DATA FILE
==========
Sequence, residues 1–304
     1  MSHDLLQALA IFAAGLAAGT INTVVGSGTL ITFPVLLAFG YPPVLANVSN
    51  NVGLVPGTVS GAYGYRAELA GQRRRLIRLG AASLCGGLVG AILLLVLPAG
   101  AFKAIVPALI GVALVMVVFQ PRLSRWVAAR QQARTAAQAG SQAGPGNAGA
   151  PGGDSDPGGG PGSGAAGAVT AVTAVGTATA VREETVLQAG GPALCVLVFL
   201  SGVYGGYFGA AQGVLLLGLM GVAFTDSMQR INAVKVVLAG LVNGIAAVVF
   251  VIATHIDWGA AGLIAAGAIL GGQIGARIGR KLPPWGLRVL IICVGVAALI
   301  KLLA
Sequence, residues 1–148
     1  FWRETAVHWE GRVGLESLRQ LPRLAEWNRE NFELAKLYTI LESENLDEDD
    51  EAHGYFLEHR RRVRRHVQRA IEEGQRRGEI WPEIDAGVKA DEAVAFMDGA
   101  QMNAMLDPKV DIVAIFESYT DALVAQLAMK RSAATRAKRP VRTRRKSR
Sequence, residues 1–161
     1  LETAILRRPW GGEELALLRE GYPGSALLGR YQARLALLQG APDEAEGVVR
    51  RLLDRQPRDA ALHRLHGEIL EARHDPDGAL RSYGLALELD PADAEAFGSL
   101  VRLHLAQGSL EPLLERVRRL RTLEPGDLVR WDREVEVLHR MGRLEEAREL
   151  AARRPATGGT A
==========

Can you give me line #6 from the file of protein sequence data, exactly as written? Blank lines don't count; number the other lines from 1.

   201  SGVYGGYFGA AQGVLLLGLM GVAFTDSMQR INAVKVVLAG LVNGIAAVVF